The capacities and responsibilities of the partners in a simple commandite company are very different from the ones in a general partnership company. This legal form of a company consists of one or more joint partners with one or more silent partners. As the former is personally liable for all the commitments of the company, the latter is only responsible for these commitments within the limits of his own shares in the capital of the company. The text in the aforementioned companies' law accentuates that any text about the difference of responsibility of the partner shall be according to his capacity as joint or silent.

The legal requirements of a share transfer that are applied to general partnership companies are also applied to simple commandite companies. Therefore, a transfer of share can take place in accordance with the contract of the company, or with the approval of all the partners involved.

Joint Stock Company

A partner in a joint stock company is responsible for the commitments of his company in as much as his contribution to the share capital.

Partners are allowed to transfer their shares, however, this transfer is not taken into consideration till the date of registering this transfer in the register related to shares. Despite this snag, non-registration of a share does not actually hinder the new partner from claiming his right on those shares, from the date of conclusion of the sale contract. The Court of Cassation adjudicated in this regard in Appeal Number 155/2002, stating that: "if the text in the article 162 of the Companies Laws states that: 'the ownership of shares is transferred by confirming the action in writing in a register at the company and this registration is marked on the share ...' meaning that the ownership of the shares of the general joint stock company is not transferred from the seller to the buyer except from the date of registering it in the shares register in which the company register all its shares along with marking that this registration got the same share, however, the sale contract of those shares generates a commitment on the seller to transfer its ownership to the buyer and it results in that its dividend shall be for the buyer from the date of concluding the sale contract, even if it is not registered, unless it is agreed otherwise."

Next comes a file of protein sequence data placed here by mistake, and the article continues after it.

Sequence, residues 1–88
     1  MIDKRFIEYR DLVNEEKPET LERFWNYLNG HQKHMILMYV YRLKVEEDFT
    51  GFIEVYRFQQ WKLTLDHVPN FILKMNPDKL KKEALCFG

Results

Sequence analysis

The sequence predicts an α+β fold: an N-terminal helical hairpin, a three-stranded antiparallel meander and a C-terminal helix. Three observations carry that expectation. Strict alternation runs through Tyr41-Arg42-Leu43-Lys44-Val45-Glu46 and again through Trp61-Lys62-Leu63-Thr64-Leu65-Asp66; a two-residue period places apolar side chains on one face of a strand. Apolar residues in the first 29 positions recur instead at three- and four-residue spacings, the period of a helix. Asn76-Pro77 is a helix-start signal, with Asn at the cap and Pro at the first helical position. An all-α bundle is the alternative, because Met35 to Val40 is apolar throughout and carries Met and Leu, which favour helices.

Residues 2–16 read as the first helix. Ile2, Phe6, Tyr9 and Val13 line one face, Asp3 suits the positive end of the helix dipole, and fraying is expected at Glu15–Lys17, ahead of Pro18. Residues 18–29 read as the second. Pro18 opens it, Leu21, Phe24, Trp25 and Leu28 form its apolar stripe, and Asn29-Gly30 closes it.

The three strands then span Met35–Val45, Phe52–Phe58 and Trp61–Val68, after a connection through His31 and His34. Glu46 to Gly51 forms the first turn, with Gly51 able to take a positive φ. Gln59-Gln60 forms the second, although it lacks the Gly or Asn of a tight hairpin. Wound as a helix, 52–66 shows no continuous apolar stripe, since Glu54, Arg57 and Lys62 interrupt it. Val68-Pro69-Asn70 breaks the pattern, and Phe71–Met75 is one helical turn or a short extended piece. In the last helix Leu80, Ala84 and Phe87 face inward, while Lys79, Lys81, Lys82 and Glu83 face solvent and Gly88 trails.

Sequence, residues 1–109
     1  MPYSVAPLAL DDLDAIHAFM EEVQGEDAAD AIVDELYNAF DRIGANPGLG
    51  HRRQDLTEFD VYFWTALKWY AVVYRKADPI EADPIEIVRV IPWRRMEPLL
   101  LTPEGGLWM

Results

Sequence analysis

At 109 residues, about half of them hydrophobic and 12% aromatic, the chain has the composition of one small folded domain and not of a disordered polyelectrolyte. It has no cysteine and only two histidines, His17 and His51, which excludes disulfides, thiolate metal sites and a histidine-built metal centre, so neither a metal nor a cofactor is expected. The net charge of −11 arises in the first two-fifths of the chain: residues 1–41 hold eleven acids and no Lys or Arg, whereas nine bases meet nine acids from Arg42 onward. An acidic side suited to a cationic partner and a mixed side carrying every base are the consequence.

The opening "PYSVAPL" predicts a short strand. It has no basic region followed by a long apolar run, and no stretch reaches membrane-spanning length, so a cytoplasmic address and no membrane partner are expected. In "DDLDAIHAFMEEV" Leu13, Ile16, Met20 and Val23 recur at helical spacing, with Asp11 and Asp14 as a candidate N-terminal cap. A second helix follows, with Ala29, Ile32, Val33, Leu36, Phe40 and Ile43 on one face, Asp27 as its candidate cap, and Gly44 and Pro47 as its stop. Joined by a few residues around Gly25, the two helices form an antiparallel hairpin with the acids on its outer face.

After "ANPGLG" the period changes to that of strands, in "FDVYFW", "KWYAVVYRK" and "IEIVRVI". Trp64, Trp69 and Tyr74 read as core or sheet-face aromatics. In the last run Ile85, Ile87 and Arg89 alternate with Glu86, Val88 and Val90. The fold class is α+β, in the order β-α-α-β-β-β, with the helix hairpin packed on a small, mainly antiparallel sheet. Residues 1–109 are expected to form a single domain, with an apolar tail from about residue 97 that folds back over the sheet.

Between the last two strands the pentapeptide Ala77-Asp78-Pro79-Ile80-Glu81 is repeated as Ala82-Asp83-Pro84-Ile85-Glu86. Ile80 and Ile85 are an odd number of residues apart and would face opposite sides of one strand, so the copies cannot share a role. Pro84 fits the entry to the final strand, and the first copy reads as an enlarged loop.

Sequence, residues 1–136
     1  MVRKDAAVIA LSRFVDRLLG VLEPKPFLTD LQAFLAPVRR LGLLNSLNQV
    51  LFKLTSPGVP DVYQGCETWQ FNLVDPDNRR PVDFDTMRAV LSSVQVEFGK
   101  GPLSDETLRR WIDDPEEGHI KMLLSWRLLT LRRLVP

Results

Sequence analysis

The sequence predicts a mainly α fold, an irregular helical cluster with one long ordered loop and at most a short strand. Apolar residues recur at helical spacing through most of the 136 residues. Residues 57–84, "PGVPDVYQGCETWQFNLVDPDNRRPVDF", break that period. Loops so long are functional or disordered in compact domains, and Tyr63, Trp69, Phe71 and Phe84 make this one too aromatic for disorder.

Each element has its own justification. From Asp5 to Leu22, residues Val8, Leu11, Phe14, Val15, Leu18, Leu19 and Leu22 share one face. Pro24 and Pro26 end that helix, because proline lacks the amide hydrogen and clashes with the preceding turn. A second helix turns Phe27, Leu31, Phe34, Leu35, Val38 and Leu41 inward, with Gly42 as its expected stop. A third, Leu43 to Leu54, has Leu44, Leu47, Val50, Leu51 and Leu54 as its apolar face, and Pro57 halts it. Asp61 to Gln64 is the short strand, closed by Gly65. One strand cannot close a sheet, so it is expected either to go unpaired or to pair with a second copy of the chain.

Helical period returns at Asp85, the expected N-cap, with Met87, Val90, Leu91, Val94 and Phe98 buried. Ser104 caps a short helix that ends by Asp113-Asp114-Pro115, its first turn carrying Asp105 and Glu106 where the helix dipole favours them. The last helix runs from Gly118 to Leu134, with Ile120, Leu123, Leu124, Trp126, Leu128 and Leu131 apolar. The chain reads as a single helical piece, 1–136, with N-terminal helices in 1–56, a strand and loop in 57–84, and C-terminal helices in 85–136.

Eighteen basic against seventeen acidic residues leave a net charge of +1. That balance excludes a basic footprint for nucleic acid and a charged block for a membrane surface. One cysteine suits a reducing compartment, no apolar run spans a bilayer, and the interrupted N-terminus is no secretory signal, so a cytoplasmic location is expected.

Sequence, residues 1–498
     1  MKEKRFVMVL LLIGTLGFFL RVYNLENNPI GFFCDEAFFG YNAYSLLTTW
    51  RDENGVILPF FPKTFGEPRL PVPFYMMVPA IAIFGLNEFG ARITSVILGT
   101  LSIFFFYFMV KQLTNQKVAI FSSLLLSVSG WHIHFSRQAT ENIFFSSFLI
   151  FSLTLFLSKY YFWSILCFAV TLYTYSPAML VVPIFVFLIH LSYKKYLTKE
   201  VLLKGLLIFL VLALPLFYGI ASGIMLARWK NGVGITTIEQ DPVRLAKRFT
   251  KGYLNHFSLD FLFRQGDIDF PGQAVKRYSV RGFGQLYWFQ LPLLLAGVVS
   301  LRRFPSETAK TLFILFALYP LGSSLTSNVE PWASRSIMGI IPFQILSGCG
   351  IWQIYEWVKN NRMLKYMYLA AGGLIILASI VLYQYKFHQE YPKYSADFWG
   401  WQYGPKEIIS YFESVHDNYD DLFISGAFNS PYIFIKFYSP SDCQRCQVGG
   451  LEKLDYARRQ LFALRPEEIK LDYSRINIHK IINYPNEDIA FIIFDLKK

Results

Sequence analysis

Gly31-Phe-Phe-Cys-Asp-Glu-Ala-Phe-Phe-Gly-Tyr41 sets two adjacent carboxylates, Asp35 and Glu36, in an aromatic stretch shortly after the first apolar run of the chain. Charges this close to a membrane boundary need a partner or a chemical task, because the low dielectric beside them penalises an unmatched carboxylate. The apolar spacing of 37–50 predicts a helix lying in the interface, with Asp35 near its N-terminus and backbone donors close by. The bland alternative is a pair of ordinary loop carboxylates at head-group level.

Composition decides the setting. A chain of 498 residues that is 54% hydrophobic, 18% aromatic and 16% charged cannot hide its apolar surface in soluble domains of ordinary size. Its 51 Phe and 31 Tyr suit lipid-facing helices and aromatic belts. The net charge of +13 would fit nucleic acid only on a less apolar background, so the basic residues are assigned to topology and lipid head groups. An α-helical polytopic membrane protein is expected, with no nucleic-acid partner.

Limited Liability Company

A partner in a limited liability company is not responsible for the debts and commitments of this company, except for within his share. Debts which occupy the financial disclosure of this company are related to its shares, therefore, there is no significant difference between old or new partners. They are similarly liable, whether they are founding or non-founding partners.